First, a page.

Degenerative diseases such as frontotemporal lobar degeneration and Alzheimer’s disease can cause selective language impairments that get worse over time, a condition known as Primary Progressive Aphasia (PPA). An inability to name objects, known as anomia, is a common symptom in PPA. Anomia could be caused by difficulty in (a) object recognition, (b) comprehension of word meaning, (c) access to word forms, or (d) phonology/articulation, all of which need to be intact in order to name objects aloud. Event-related potentials (ERPs) are uniquely suited for the study of object naming deficits: they provide excellent temporal resolution relevant for evaluating staged processes of naming, and the N400 ERP potential is thought to reveal the extent of predictive encoding of words.
Participants completed a task evoking key processes involved in object naming. Picture cues were followed by word targets; participants pressed one button when the word matched (i.e. named) the picture, and another button for mismatches. Mismatches were of two types: related mismatches from the same category as the picture, and unrelated mismatches from a different category. ERPs were examined in response to the target words. After ERP testing patients were shown the same set of pictures and were asked to name each one aloud, allowing for examination of effects on trials with named versus unnamed items.
Prior to our work, ERPs had not been examined in a PPA population. In the first study, we explored whether language dysfunction in PPA results in ERP abnormalities. In both controls and PPA patients the N400 was of larger amplitude to mismatched compared to matching targets (N400mismatch), reflecting predictive encoding of the object’s name. Although present in controls, PPA patients did not show a differential increase in amplitude to unrelated compared to related targets (N400differential), indicating decreased resolution in object-word association. The N400mismatch was found to relate to the phenomena of anomia as well. A subset of patients with severe anomia showed an N400mismatch to items they could name, but no N400 effects to items they could not name, revealing a lack of predictive encoding for those items. The N400mismatch was further shown to index semantic rather than post-semantic stages of naming, as shown by correlations with neuropsychological tests. This was further demonstrated in a patient with anomia due to post-semantic factors, who showed impaired oral naming but intact written naming. This patient showed an intact N400mismatch to unnamed items.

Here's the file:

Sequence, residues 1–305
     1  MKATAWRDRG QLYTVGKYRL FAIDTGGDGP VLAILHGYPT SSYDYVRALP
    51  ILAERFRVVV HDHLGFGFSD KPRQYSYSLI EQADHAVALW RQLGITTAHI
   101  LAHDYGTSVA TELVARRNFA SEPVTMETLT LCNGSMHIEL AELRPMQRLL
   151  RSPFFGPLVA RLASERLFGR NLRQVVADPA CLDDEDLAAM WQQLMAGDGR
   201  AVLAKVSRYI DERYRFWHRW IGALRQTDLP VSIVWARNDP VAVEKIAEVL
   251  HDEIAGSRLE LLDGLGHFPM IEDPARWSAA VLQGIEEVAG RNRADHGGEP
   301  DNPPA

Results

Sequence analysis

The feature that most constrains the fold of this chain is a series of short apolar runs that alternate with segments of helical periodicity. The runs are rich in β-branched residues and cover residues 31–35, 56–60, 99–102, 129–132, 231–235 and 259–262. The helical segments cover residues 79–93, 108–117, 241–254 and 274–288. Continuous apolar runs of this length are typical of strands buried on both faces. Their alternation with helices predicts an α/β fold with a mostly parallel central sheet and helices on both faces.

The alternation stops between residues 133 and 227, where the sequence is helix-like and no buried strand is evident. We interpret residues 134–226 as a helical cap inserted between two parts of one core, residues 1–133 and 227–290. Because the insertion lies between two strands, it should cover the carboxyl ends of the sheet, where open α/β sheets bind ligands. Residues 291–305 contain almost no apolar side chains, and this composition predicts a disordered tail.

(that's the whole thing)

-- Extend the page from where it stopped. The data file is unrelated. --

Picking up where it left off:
It was unclear to what extent single-word comprehension deficits contributed to the results from the first study. Results were reanalyzed with an expanded sample in order to address this question. Patients of the semantic subtype (PPA-S), who show profound word comprehension deficits, were shown to have difficulty in differentiating between members of the same category, as shown by abnormal N400 potentials, accuracy, and reaction times on trials with related targets. This difficulty was found to relate to anomia in PPA-S; accuracy was further reduced on matching and related trials with unnamed targets. Non-semantic subtypes of patients also showed no N400 effects to unnamed items, but no corresponding changes in accuracy, suggesting isolated failures in predictive encoding not due to comprehension failures.
The goal of the second study was to determine whether atrophy in the cortical epicenters of language impacted results from the picture-word task. Cortical thickness measurements were derived from magnetic resonance images. Atrophy in posterior temporal, but not anterior temporal or inferior frontal areas, was associated with diminished N400mismatch potentials. Atrophy in anterior temporal areas was instead associated with a reduction in accuracy on related trials.
Our results validate the use of N400 potentials for the study of anomia. These potentials reveal the extent of lexical activation in response to pictures, a critical piece of information in understanding anomia which cannot be examined based on behavior alone.